The National Bargee Travellers Association (NBTA) is a volunteer organisation founded in Reading in 2009 that campaigns and provides advice for itinerant boat dwellers – “Bargee Travellers” – on Britain’s inland and coastal waterways. This includes anyone whose home is a boat and who does not have a permanent mooring for their boat with planning permission for residential use.
The NBTA is an organisation open to all and is run by and extends a welcome to those who live on their boats and travel, 12 months a year as their way of life. NBTA members have made a choice to live on a boat as opposed to bricks and mortar but this choice is regularly made for them by the ever increasing cost of housing.
Our contact details are on the Contacts page.
The NBTA is not a law firm and we do not purport to be lawyers. Our legal resources are provided “as-is” and without warranty or liability.
What we do
The NBTA campaigns and provides advice and casework support, including onward referral to specialist agencies, by and for itinerant boat dwellers on the UK’s inland and coastal waterways.
The NBTA seeks to represent the interests of all itinerant boat dwellers in respect of upholding our chosen way of life. The NBTA welcomes participants irrespective of location and also welcomes contact from other boating interest groups.
The NBTA seeks to uphold the rights of all Bargee Travellers including recognition as a protected minority group both in law and in society. Following from recognition in law grows a range of rights all too regularly trodden underfoot by local and central Government. The NBTA engages in lobbying central and local Government to improve conditions for Bargee Travellers.
The NBTA has a small team of Volunteer Caseworkers who assist individuals to deal with enforcement action by navigation and other authorities, including Court action to remove their homes, or denial of services like GP registration, welfare benefits or school enrolment.
Anything discussed with Volunteer Caseworkers is kept confidential unless agreed by the Client. The Volunteer Caseworker group may discuss individual cases, but only anonymously, without using names, to inform Caseworkers about general trends and to highlight what navigation and other authorities are doing .
If you need assistance to deal with waterway enforcement or denial of services, please contact the NBTA.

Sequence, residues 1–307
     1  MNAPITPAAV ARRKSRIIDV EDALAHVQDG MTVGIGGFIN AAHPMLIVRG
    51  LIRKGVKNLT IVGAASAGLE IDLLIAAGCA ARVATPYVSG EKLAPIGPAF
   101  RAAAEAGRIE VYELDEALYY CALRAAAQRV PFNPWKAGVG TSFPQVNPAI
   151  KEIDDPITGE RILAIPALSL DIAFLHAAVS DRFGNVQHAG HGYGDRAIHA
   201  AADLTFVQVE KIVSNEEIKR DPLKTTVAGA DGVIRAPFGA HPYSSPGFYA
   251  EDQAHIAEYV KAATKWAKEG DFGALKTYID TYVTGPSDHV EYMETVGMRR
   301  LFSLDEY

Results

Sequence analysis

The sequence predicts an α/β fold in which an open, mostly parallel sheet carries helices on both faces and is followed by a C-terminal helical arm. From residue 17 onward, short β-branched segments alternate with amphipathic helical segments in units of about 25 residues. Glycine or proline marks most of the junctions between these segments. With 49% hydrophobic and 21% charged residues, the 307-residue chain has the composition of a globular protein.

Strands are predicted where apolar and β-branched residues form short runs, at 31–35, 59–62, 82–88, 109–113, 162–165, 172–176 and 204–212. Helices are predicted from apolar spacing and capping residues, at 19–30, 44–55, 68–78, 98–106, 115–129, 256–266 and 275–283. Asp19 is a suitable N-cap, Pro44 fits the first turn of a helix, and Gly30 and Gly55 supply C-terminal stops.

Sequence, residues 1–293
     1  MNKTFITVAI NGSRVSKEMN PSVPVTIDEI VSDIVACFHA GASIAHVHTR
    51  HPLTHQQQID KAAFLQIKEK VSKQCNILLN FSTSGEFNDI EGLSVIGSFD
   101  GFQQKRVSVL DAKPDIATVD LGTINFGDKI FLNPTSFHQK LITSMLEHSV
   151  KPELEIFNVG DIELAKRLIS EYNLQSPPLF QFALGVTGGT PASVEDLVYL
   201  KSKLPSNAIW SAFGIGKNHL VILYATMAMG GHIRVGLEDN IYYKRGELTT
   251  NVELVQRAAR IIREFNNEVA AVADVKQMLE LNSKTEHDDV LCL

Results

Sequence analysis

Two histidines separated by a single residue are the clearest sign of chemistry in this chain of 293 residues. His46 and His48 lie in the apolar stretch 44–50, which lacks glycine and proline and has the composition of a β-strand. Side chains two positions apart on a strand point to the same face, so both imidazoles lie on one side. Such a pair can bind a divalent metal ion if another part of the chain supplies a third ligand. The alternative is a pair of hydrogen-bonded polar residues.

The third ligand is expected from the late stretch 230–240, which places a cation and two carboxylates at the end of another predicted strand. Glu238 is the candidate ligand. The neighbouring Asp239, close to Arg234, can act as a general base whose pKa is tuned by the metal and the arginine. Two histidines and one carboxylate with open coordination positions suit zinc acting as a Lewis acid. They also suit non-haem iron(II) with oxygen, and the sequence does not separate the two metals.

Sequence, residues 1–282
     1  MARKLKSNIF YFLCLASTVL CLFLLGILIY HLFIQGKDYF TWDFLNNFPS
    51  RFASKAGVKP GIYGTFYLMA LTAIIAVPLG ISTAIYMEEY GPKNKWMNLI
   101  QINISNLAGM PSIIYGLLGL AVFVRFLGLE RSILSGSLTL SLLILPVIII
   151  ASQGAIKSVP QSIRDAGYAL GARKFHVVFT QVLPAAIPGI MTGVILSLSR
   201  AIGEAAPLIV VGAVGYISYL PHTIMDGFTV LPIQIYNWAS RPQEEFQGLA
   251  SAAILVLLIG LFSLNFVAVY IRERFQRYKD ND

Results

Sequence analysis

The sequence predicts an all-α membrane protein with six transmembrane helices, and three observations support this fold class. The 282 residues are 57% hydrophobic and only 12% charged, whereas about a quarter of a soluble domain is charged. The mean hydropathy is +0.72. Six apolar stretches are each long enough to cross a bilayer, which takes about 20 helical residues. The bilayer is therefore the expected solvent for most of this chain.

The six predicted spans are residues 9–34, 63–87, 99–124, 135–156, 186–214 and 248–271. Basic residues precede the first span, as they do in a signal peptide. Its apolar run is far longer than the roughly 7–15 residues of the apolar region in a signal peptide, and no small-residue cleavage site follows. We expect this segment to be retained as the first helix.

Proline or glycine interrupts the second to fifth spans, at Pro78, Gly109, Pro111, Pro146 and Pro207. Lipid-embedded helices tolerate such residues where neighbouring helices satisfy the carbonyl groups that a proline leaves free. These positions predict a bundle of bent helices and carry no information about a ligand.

Some examples of what the NBTA has achieved
The NBTA has successfully influenced the policies of navigation and other authorities, especially regarding rights under the Equality Act 2010. In 2013, NBTA members with disabilities pioneered the exercise of their right to reasonable adjustments to Canal & River Trust’s (CRT) enforcement policy regarding boaters without a permanent mooring: they secured an agreement to moor for 14 days on 48-hour visitor moorings, which are purpose-built and therefore have better access for mobility scooter users. In 2014 the NBTA started a campaign to stop CRT evicting elderly, disabled and ill boaters. This was widely taken up and resulted in CRT employing a Welfare Officer. We helped to write the job description: the remit includes ensuring that CRT complies with the Equality Act.
After a seven-year campaign by the NBTA, boat dwellers were included for the first time in local authority accommodation needs assessments in the Housing and Planning Act 2016; in 2019 we published the Best Practice Guide for Boat Dweller Accommodation Needs Assessments. We also secured amendments and Undertakings to the Environment Agency (EA) Inland Waterways Order 2010 and the Middle Level Act 2018 in favour of boat dwellers, and contributed to the pioneering recognition by Oxford City Council in 2021 of boats as affordable housing. Also in 2021, a complaint by the NBTA led to the ending of the EA’s contract with a private company to enforce £150 daily mooring charges.
In 2012 the NBTA secured an undertaking from the Waterways Minister that the transfer of British Waterways to CRT in 2012 would include a seat for an itinerant liveaboard boater on the CRT’s Navigation Advisory Group. In 2015 and 2019 NBTA complaints ensured that boaters sanctioned by restricted 6-month licences could vote in the CRT Council elections; in 2020 an NBTA activist was elected to one of the Private Boating seats on the CRT governing Council.
From 2016 to 2018, we campaigned for less onerous travel requirements for itinerant boat dwellers with school age children on CRT waterways, with partial success. In 2020 a boat dweller won their appeal in the Upper Tribunal against the refusal of Housing Benefit for the boat licence fee. The NBTA assisted the appellant and handled the referral to Advocate for representation by a barrister. The decision has since been applied to Housing Costs in Universal Credit.
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